Jim Kelly's backyard lemon tree is a bountiful one, but that can cause a problem. "They just sort of eventually fall off the tree and onto the ground, so there's a lot of lemons here and there are only so many lemon bars I can eat," said Jim. So this San Francisco resident has found a solution. Meet Jocelynn and Rick Stone -- they've connected through a new, community Web site called www.NeighborhoodFruit.com . It helps match city residents who want to share their urban, fruit-bearing trees, with those seeking fresh, local, free fruit.
"Oh boy, these are heavy, they're full of juice," said Jocelynn.
"It is just a great chance to come and get some free lemons," said Rick.
The concept of sharing works both ways.
"I figure what comes around goes around, if I need plums or I need apples, I'll go to their Web site and find them," said Jim.
This time, Jim is the donor and has invited the Stones to his house.
"We like to see year-round fruit here in the city," said Rick.
They'll eat some, plus their eight-year old daughter Lillian will make good use of them -- she and her friends like to run a homemade lemonade stand and donate half the proceeds to local charity.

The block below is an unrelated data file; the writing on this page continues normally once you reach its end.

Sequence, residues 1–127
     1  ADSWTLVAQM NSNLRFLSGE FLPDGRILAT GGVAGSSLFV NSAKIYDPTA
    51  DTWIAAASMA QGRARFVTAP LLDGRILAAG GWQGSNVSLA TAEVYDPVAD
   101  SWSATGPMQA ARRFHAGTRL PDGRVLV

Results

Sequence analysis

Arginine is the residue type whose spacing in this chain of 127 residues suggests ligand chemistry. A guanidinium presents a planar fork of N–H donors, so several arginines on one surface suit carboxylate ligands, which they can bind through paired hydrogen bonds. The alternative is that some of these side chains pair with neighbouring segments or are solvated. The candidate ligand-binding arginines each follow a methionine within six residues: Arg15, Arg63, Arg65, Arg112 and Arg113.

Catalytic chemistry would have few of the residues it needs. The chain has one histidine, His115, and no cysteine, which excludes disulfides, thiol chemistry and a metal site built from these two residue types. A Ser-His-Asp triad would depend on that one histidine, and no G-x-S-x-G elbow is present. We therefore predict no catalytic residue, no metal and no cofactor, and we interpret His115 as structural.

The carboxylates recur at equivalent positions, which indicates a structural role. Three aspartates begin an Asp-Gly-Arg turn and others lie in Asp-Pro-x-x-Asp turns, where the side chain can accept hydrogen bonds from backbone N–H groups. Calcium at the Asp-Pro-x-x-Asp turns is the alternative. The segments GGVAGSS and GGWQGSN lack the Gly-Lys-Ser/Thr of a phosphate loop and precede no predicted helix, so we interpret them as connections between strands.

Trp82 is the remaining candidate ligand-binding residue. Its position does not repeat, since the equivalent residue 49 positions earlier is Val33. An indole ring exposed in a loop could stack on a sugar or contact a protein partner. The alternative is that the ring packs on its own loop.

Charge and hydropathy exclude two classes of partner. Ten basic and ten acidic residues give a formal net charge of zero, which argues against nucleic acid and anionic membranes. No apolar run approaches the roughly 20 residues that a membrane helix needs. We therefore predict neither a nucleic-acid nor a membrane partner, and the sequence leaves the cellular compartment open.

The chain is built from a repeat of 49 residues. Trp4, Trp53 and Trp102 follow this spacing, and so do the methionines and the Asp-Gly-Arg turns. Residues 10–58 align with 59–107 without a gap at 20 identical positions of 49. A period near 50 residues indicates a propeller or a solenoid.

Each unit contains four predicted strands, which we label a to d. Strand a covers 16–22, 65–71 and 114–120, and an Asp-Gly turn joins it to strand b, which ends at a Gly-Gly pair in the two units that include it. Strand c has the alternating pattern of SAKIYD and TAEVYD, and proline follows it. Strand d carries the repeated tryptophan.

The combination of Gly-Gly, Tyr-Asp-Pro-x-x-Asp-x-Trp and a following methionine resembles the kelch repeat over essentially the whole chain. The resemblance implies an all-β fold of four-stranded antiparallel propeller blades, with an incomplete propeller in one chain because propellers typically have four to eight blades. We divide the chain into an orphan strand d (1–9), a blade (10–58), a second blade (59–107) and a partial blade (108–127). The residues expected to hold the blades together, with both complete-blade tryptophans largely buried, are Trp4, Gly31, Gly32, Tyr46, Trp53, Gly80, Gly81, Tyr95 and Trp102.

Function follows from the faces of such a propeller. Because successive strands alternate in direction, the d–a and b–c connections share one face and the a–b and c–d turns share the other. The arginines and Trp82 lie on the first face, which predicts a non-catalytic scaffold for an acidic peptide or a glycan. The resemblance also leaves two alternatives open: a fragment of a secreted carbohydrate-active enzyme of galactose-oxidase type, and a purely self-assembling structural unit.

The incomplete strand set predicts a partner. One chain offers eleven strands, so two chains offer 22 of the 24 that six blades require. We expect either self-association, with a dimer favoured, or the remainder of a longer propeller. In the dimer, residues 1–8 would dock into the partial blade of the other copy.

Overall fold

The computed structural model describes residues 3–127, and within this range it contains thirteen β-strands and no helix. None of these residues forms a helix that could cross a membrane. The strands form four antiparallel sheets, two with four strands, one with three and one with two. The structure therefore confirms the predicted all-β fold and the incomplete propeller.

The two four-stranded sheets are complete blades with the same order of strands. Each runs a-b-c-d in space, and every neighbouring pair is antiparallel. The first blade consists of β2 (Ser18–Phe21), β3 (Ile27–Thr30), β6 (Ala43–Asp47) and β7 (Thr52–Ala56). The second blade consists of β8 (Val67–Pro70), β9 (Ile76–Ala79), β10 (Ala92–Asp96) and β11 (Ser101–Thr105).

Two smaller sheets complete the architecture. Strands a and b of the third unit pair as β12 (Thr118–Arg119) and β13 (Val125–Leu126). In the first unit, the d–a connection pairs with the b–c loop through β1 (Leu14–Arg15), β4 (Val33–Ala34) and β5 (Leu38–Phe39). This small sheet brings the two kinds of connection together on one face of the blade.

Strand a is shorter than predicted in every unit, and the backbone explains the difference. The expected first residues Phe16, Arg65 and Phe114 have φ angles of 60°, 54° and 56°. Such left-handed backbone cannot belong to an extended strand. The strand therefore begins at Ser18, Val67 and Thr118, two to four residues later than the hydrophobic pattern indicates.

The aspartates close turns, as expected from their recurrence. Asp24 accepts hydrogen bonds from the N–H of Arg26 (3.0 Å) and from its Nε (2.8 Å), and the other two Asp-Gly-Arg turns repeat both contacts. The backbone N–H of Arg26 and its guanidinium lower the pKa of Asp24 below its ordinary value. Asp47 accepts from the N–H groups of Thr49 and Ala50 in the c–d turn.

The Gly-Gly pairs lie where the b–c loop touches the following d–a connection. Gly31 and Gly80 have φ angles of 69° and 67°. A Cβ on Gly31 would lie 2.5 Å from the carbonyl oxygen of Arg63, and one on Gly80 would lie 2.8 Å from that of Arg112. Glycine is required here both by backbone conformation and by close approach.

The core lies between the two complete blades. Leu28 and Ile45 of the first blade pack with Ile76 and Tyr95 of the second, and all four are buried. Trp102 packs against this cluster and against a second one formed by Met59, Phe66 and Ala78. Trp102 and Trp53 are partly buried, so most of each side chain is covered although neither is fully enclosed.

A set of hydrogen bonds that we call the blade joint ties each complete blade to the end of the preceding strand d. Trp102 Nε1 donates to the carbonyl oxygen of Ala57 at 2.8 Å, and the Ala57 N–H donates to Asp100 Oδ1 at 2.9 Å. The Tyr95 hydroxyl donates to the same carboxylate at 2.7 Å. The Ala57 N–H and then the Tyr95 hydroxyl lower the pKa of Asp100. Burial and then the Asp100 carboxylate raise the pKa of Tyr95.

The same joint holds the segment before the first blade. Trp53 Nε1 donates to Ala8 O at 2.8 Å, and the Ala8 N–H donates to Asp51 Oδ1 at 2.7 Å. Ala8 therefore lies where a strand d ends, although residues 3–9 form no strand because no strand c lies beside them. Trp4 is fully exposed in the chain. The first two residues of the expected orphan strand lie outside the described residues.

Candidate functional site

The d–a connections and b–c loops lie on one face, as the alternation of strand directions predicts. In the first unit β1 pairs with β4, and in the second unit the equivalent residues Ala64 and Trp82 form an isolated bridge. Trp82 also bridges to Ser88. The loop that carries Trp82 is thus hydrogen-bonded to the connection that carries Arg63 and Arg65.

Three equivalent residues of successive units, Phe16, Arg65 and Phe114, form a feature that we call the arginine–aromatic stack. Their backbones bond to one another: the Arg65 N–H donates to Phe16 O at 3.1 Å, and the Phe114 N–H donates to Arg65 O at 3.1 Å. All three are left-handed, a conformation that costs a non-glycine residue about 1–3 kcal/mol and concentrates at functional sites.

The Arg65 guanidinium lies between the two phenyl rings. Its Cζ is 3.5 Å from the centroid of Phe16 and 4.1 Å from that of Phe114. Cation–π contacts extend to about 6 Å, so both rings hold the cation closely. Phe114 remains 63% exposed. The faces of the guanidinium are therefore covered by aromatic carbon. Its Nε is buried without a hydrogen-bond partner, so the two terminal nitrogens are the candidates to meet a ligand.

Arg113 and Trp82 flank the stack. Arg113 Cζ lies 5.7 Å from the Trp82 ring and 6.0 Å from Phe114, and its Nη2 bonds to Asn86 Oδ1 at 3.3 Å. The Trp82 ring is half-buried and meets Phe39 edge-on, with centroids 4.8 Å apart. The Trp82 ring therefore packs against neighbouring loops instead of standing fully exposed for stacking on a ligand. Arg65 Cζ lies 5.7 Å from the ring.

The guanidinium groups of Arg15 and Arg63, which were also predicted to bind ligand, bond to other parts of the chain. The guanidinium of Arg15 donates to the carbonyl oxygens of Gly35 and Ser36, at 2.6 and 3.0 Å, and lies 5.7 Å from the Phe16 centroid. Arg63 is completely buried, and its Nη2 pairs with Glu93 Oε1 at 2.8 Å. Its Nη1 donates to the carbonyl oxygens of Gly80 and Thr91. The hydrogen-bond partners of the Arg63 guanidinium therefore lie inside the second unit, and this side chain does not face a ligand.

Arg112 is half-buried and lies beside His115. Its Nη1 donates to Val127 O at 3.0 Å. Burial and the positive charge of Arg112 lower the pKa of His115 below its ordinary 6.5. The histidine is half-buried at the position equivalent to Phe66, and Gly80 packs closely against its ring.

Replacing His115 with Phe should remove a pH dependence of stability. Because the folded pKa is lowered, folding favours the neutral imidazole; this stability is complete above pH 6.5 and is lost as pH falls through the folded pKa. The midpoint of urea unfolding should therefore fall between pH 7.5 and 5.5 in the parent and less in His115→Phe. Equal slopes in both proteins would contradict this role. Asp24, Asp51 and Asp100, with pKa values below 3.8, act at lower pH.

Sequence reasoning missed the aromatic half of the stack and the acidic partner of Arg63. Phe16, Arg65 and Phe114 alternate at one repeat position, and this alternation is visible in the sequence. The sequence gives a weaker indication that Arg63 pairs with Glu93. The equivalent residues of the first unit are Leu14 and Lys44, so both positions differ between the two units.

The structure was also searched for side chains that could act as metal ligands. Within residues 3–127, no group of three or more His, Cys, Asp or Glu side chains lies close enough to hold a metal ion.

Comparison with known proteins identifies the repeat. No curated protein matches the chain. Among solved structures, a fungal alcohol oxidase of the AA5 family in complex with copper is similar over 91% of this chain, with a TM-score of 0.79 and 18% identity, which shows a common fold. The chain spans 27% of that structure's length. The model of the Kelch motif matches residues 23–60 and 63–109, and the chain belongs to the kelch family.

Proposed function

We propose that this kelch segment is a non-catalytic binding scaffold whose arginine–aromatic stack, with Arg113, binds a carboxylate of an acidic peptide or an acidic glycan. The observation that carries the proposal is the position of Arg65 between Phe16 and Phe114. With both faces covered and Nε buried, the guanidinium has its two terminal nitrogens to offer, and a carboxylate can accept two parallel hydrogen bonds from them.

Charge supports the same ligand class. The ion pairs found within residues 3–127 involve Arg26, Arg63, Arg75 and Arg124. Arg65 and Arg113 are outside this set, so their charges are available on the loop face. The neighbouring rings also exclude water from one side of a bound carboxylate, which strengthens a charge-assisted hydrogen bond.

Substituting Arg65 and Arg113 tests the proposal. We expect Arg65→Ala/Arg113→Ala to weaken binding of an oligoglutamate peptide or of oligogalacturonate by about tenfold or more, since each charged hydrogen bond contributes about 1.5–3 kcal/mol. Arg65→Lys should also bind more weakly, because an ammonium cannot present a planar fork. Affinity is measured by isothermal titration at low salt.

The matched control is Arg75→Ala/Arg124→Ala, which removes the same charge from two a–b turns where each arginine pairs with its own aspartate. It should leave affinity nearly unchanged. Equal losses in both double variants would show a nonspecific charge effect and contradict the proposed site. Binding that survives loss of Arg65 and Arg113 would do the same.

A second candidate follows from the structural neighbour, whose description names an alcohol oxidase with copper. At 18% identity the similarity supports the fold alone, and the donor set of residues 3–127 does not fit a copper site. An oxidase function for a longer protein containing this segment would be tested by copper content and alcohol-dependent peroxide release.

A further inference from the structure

"Our mission is to promote an edible urban forest," said Neighborhood Fruit co-founder Oriana Sarac.
Sarac and Kaytea Petro are the founders of Neighborhood Fruit. It's a service they've discovered people of all socioeconomic backgrounds are enjoying.
"There's so much excess that a fruit tree has, it's around 100-125 pounds for a mature tree, more than they can eat, so this way people can have access to it," said Petro.
Since launching this year, the San Francisco-based company has mapped about 10,000 fruit trees in the U.S. Most who've registered their trees online so far live in the Bay Area, but the fruit to glean does not just grow in people's private backyards.
Neighborhood Fruit has identified 5,000 fruit-bearing trees and bushes on public land in San Francisco, like on a walkway near Dolores Park. You can pick plums, pears, even loquats, when they're in season.
The Web site allows registered fruit seekers to find fruit by zip code, distance, even fruit type and soon there will be an iPhone app available, which uses GPS to help locate public trees.
In the city of San Francisco, it is actually legal to pick the fruit that is hanging over the fence, but Neighborhood Fruit doesn't recommend it. They say it's more community friendly to knock on a door, say a friendly hello and ask for permission.